Depression and peripheral artery disease: The intersectionality of mental and physical wellbeing

Marlene Grenon and Greg Zahner
Marlene Grenon and Greg Zahner

Over the past few years, we have seen an increased awareness of the role of mental health in several health outcomes, note Marlene Grenon and Greg J Zahner. One may wonder what is happening with our patients who suffer from vascular diseases; are they similarly affected by mental health diseases? While the rising toll of peripheral artery disease (PAD) on our world’s ageing population is no secret to the vascular surgeon, depression has quietly become the second leading cause of years lived with disability.1 

In the USA alone, 20.8% of Americans will be afflicted by mood disorders during their lifetimes,2 with increasing rates among teenagers and young adults.3 While it would not be unreasonable to doubt whether PAD and depression—two seemingly unrelated disorders—had any appreciable link, the evidence thus far begs for reconsideration.

In coronary artery disease, depression has been recognised as a strong risk factor, as highlighted by the INTERHEART case-control study of approximately 30,000 participants, which showed that psychosocial factors (depression, locus of control, perceived stress, and life events) were associated with an adjusted odds ratio of 2.67 for myocardial infarction. This effect was stronger than many traditional risk factors such as diabetes, smoking, hypertension, and obesity.4

The 2010 Global Burden of Disease Study was one of the first studies to officially recognise depression as a coronary heart disease risk factor.5 Additionally, among patients who have heart disease, those who develop post-myocardial infarction depression are at double the odds of death.6,7 In the Heart and Soul Study, a prospective cohort of 1,024 veterans which aimed to understand the link between mental health and vascular disease, the authors examined the relationship between depression and PAD; they found an astonishing hazard ratio of 2.09 for developing PAD when adjusting for age and sex.8 Furthermore, depression was the strongest risk factor for PAD among the women in the cohort.9 But how does depression lead to PAD?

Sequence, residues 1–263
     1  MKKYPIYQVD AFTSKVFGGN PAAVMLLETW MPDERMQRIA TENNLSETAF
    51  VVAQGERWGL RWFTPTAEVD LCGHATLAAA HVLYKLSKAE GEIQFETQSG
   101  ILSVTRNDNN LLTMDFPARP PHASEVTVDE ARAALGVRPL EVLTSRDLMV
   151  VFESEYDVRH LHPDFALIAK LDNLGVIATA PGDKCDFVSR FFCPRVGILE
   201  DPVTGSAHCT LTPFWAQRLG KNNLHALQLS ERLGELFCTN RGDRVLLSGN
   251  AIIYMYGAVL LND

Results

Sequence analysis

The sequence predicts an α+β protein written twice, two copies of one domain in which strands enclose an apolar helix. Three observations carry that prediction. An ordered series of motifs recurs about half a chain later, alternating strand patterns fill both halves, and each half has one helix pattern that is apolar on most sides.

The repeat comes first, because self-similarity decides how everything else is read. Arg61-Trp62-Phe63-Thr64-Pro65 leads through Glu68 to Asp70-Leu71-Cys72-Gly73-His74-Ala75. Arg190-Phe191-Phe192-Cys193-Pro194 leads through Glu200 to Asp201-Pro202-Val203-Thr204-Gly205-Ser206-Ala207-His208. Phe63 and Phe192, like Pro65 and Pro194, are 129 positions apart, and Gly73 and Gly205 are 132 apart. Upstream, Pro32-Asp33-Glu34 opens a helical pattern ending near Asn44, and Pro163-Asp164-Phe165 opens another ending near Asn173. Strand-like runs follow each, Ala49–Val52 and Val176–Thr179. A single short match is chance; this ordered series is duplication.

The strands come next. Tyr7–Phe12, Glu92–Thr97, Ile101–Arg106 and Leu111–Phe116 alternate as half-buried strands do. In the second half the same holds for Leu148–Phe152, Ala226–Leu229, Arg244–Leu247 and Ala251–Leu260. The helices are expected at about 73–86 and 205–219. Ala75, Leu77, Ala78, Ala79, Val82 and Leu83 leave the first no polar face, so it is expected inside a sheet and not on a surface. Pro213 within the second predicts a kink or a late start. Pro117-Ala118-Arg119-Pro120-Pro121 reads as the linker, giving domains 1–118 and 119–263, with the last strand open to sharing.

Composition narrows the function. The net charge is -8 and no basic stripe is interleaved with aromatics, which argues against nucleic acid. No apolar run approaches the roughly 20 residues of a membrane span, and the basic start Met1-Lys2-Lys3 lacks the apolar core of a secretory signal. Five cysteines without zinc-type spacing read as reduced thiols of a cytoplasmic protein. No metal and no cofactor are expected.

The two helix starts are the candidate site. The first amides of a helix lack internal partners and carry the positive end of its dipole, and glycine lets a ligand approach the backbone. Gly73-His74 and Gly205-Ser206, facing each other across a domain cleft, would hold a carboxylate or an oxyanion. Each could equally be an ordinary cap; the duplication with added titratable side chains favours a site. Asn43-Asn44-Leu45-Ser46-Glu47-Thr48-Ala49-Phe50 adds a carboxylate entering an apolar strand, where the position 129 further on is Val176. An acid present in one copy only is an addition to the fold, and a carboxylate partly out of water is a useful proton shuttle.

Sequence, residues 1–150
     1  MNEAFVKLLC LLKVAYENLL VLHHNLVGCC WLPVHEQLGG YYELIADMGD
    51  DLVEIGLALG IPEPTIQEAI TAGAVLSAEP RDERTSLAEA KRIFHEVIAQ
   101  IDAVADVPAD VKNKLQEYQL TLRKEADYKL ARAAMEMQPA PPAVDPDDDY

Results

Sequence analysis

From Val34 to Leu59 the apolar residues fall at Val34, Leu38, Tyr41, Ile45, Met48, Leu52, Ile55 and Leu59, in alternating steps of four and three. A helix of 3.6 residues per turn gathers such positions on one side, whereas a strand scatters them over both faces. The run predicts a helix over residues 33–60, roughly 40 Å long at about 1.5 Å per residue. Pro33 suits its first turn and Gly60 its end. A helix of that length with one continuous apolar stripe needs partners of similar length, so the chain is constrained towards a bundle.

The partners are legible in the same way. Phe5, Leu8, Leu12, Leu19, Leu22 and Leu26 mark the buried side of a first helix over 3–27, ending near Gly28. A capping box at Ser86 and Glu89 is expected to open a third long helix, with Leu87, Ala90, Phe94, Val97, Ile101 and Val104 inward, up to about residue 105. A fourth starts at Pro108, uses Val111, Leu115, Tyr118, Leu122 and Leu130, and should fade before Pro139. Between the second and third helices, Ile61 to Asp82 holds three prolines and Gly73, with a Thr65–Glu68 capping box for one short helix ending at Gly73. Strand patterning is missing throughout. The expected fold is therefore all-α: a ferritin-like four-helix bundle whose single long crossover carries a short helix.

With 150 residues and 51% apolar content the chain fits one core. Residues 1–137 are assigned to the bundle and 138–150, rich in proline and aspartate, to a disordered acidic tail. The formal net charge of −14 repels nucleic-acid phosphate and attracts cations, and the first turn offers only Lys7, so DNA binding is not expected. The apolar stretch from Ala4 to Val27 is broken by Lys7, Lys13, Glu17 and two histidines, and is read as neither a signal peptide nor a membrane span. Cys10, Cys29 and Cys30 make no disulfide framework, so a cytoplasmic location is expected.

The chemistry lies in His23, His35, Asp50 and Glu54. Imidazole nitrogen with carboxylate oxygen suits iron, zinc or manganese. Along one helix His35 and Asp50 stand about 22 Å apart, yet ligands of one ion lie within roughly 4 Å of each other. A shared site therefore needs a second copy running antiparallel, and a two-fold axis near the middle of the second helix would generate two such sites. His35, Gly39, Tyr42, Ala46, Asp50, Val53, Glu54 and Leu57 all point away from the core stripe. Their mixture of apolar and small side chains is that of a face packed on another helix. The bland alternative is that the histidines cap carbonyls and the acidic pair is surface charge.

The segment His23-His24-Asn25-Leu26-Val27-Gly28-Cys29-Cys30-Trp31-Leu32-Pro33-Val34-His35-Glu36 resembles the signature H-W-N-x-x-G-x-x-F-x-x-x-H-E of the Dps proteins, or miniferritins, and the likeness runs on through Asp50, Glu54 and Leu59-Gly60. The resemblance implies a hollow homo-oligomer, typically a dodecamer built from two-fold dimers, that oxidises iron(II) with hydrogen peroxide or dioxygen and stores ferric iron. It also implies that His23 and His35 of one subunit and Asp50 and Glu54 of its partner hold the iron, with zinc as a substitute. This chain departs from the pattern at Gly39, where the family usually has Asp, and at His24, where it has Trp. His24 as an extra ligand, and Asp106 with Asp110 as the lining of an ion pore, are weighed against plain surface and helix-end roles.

Fowkes and colleagues have suggested that industrialisation, urbanisation, and accelerating changes in technology lead to an elevated risk of PAD through increased stress and depression in addition to worse diet and lack of exercise.10 Depression is also associated with smoking, physical inactivity, and medication non-adherence.8 Emerging evidence further supports a more direct physiological link, including lower heart rate variability, enhanced activity of the hypothalamic-pituitary-adrenal axis, increased catecholamines, platelet activation, and increased inflammation.11 Similarly, higher levels of stress, which may be a precursor to depression, are associated with worse endothelial function.12 Even more compelling is the growing amount of data on the significant association between co-morbid depression and worse clinical outcomes in PAD patients. Patients with co-morbid depression have reduced walking distance, even when adjusting for the ankle-brachial index,13 as well as poorer quality of life.14 After vascular intervention, they will have less functional improvement and higher rates of restenosis, worse symptoms, and greater risk of subsequent cardiovascular events, death, and PAD in the contralateral limb.15,16

Psychotherapy and pharmacotherapy are the mainstays of depression treatment, but not enough research has been conducted to determine whether these treatments mitigate vascular risk. Due to the safety of depression treatment and its efficacy in treating depression symptoms, the American Heart Association (AHA) currently recommends selective serotonin reuptake inhibitors (SSRIs), cognitive therapy, and exercise for depressed patients with coronary artery disease.